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Will the madness ever stop? Looking at today’s car, maybe not.
This is a 1997 Porsche 911 Turbo S. The “king of the hill” 993 Turbo and one of the most desirable air-cooled Porsches ever made. Just 345 examples were produced and only 182 of them were imported to the US. As you might have guessed, most were driven sparingly. A few thousand miles a year at most and then once prices started climbing, the miles started decreasing. However, this is one example that didn’t even hit that few thousand miles. This example comes in with the number 1,779 shown on the odometer. That’s it. Also, it has a totally crazy leather-to-sample Boxster Red interior. Brace yourself for this price.
I personally regard the 991 generation Porsche 911 Turbo as the “cheat code” of the automotive world. Especially the Turbo S. It’s one thing to have a car do 0-60 runs in 2.6 seconds. It’s a whole other thing to have a car do 0-60 runs in 2.6 seconds and be totally comfortable doing so while being able to drive it 365 days a year. Not to mention it be reasonably reliable and won’t kill you in service costs. Where do I sign?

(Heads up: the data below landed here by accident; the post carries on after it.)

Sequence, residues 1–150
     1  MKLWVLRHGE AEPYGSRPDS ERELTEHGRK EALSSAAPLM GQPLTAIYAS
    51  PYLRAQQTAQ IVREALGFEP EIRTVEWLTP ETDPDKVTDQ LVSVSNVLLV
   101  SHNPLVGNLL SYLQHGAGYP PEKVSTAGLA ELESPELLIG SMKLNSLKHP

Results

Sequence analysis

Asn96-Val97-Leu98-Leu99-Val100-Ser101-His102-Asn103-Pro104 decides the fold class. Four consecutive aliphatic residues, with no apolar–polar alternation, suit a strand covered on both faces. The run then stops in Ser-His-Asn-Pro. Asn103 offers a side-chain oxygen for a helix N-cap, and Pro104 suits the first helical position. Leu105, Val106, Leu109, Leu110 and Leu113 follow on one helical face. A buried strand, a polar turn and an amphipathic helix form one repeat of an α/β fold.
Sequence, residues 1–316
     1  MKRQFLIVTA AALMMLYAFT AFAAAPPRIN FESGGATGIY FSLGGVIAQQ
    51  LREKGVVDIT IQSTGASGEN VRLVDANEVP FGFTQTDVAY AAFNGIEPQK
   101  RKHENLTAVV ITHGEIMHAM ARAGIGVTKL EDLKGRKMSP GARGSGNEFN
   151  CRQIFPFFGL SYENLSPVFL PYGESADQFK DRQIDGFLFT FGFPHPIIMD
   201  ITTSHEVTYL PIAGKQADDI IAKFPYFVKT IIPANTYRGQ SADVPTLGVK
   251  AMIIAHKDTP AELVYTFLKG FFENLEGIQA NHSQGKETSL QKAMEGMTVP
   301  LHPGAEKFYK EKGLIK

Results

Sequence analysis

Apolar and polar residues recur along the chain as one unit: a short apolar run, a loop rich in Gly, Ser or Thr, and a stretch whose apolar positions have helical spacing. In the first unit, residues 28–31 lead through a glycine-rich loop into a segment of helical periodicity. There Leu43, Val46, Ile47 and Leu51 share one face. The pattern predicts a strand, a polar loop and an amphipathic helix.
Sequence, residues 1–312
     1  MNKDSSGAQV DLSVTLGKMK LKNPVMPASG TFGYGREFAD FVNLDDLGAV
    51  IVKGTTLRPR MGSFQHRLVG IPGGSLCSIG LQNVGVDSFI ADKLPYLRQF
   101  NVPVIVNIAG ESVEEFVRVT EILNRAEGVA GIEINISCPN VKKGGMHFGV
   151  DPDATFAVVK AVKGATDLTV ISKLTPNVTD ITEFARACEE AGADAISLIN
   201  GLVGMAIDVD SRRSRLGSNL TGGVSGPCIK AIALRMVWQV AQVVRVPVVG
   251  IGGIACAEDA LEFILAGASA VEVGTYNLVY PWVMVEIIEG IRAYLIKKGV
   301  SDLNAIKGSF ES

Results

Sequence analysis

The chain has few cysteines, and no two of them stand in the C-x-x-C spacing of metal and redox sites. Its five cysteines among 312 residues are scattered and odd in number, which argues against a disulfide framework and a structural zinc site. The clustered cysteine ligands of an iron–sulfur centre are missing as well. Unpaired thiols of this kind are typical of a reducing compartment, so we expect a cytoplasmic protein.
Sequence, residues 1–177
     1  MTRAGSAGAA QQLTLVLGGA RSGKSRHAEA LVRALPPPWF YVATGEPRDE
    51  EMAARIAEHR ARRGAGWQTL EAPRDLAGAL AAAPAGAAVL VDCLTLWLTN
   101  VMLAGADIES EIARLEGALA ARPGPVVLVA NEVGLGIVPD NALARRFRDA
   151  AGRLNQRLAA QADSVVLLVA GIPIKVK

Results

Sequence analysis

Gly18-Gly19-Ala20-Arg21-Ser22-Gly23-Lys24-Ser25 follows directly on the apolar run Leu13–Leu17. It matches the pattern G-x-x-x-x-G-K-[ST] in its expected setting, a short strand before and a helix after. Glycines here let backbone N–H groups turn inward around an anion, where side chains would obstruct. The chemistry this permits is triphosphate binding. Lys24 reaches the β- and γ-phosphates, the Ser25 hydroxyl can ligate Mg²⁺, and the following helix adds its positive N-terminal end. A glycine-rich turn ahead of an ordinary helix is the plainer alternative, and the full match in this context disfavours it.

There is no greater example of a car I love but have no interest in owning than the Mercedes-Benz 600. I’ve opined for years about them and every time I see one for sale it’s a new treat. Today’s example, a 1966 up for sale in Portugal, has its surprises and little fun features that always impress me. It also carries a hefty price tag too.
This is what it’s all about. An obscure high-performance model based on a car you never thought deserved such a treatment made in extremely low…
The 992 generation of the venerable Porsche 911 Carrera is the first time I’ve felt the base model actually produces up to the level of performance you are paying for. Yes, I understand that buying a 911 in the past was much more than just 0-60 times, but if you buy a base 911, you probably were feeling the power of the S and later GTS was worth it. Not with the 992. A PDK equipped 911 Carrera can rip out 0-60 times in as little as 3.6 seconds. That was supercar numbers back in the day. You just have to bring over $100,000 for that privilege now. The days of buying a new base 911 for $56,000 are not coming back.